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Photos: Denis Charlet/AFP/ Daniel Reinhardt/picture alliance via Getty Images

Google and Facebook are both mulling changes to their political ad policies, sources tell Axios.

Driving the news: There’s no indication at this point that either company will stop running political ads. Rather, both are weighing policy changes that have been floated as compromise ideas, like limiting micro-targeting or disclosing more info about the advertiser.

Why it matters: Google and Facebook are by far the two biggest online advertising firms in the U.S., and already, presidential candidates alone have spent well over $50 million on both platforms so far this year.

  • Changes to the platforms' policies could impact that race, as well as hundreds of others at the state and local levels.
  • Hundreds of issue advertisers, like non-profits that advocate for climate change or gun reform, could also be impacted.

The big picture: Both companies are under enormous pressure from policymakers and industry leaders to address ways political ads can be manipulated on big automated platforms and to curtail the spread of lies and misinformation through paid advertising.

  • Last week, Twitter said that it would ban all political and issue ads on its platform this month, increasing the pressure on its rivals to match its efforts. Other platforms like Pinterest and LinkedIn have also banned political ads.

Between the lines: At this point, both companies are likely more worried about pressure coming from Democrats than from Republicans.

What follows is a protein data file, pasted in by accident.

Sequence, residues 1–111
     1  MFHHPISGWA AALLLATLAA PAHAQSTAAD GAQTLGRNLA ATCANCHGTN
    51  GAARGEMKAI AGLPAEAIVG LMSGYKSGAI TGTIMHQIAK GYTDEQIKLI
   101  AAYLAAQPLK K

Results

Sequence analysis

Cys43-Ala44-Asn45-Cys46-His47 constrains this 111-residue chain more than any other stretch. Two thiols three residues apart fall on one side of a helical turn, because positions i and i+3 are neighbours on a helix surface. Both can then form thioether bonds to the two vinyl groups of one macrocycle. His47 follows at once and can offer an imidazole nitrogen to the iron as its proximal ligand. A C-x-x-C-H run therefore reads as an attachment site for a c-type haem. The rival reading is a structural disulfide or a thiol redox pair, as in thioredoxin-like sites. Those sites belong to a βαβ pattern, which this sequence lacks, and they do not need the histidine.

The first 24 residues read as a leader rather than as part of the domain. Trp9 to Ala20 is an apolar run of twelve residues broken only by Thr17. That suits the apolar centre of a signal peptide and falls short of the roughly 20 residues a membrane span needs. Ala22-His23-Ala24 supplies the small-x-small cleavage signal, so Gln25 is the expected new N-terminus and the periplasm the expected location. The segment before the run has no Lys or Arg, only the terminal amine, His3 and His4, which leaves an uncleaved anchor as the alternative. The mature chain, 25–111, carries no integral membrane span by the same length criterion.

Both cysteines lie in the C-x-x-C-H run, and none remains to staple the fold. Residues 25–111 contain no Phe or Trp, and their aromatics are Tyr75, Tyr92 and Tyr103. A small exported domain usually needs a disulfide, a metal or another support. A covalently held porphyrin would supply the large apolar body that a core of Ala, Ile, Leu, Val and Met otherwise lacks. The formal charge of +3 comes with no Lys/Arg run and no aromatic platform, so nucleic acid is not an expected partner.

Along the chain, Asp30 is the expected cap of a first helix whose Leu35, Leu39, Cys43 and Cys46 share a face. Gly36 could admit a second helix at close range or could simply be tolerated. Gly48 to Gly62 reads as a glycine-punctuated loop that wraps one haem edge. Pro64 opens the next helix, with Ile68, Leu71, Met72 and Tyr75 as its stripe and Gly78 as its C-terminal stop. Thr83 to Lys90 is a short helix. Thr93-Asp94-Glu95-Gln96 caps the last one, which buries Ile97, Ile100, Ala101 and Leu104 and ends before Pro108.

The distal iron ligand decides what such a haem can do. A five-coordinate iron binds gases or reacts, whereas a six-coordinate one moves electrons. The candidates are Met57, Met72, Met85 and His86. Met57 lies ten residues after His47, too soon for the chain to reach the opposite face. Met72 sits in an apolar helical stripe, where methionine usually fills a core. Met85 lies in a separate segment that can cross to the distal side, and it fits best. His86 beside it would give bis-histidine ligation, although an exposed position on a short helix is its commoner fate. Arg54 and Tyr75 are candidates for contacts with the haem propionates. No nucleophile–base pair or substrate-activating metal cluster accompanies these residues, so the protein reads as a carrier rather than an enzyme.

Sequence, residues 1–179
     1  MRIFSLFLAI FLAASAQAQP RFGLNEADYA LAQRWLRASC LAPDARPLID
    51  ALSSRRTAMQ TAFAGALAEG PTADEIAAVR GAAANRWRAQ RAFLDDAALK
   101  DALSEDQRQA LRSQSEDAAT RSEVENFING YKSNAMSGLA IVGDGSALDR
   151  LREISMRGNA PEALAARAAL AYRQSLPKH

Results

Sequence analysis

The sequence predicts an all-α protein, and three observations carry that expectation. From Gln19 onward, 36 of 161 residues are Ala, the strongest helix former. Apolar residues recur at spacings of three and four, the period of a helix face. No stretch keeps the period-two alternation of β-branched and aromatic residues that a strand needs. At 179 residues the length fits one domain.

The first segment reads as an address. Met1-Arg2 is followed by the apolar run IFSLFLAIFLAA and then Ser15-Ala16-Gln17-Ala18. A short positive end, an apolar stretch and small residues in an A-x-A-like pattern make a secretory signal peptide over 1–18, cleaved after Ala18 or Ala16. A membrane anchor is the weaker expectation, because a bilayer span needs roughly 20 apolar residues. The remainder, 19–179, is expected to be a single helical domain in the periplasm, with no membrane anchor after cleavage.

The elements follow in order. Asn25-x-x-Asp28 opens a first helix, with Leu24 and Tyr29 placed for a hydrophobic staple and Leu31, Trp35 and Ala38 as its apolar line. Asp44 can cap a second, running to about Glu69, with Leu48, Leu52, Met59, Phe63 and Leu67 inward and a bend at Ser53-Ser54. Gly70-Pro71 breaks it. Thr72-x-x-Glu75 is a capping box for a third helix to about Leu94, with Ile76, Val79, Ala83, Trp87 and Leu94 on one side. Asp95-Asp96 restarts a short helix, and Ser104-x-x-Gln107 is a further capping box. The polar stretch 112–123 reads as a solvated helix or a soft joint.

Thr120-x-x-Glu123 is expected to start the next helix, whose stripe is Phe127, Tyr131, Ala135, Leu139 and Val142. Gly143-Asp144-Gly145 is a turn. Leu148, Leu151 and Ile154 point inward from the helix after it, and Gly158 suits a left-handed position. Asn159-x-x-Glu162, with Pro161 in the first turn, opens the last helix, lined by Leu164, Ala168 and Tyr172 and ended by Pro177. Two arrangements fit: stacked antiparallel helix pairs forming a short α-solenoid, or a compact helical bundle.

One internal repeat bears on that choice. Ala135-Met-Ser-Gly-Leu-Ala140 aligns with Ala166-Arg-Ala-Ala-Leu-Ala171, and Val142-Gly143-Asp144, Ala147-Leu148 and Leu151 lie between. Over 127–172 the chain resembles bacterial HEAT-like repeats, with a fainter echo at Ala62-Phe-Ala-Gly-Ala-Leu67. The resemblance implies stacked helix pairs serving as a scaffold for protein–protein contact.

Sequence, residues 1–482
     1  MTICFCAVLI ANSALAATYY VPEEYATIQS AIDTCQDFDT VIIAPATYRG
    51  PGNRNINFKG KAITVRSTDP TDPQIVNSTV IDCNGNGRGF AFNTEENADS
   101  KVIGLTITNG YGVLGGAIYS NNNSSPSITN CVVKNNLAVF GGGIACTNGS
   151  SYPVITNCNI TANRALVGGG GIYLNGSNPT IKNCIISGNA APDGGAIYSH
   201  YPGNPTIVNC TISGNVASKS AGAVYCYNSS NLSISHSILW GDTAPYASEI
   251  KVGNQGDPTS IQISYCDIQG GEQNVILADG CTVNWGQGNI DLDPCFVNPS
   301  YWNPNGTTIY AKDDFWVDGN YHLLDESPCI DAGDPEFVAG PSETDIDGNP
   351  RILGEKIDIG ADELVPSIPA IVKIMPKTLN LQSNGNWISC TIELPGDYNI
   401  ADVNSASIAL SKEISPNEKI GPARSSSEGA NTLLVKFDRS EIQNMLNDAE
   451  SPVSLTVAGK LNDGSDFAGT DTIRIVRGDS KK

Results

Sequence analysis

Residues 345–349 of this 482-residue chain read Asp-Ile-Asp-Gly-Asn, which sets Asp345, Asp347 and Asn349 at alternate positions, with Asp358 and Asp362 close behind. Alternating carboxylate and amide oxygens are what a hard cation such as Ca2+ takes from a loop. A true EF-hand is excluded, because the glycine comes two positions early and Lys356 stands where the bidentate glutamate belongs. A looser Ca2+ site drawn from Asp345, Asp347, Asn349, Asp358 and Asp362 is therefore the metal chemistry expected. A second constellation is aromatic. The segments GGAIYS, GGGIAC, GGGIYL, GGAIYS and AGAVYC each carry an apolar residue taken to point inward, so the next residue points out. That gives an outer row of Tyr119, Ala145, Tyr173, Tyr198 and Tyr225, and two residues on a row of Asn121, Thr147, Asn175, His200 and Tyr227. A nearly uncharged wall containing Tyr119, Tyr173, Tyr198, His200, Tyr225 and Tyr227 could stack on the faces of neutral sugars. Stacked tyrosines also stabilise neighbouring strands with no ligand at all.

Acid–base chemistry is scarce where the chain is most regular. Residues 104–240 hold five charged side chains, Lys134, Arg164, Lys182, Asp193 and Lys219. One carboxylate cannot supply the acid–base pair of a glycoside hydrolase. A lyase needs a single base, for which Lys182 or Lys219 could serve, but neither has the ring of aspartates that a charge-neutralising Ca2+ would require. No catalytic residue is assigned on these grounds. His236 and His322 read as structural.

• Republicans are traditionally hostile to government regulation of business and are less inclined to sign on to any effort to force the companies' hands.
  • Case in point: The Honest Ads Act, a 2017 Senate bill, has not received enough Republican support to move forward, even though the provisions it called for have mostly already been implemented by the tech firms themselves.
  • The recent controversy about falsehood in online ads was triggered by complaints about false statements in ads by President Trump's campaign attacking Democratic candidate Joe Biden.

Go deeper

German elections: After close result, jockeying to replace Merkel begins

Data: Preliminary results from German Federal Returning Officer; Chart: Sara Wise/Axios

Germany’s Social Democrats (SPD) pulled off a come-from-behind victory in Sunday’s elections, 10 seats ahead of the Christian Democrats (CDU), which failed to finish top for the first time in 16 years.

State of play: SPD leader Olaf Scholz has said he’ll seek to form a government, but so too has Armin Laschet, Chancellor Angela Merkel’s successor as CDU leader.

2 hours ago - Health

Biden gets COVID-19 booster shot on live television

President Biden received a Pfizer-BioNTech coronavirus vaccine booster shot on live television on Monday, while also urging Americans to get vaccinated.

Driving the news: The Centers for Disease Control and Prevention last week recommended Pfizer booster shots for millions of people, including those 65 years and older and individuals at high-risk of severe COVID-19.

John Hinckley, who shot Reagan, wins unconditional release

John Hinckley Jr. sitting on the back seat of a car in 1981. Photo: Bettmann/Getty Images

A federal judge on Monday approved the unconditional release of John Hinckley Jr., who tried to assassinate former President Reagan in 1981.

State of play: U.S. District Court Judge Paul L. Friedman in Washington ruled that Hinckley can be freed from all court supervision in 2022 if he remains mentally stable and continues to follow rules that were imposed on him after he was released from a Washington mental health facility in 2016 to live in Virginia, AP reports.

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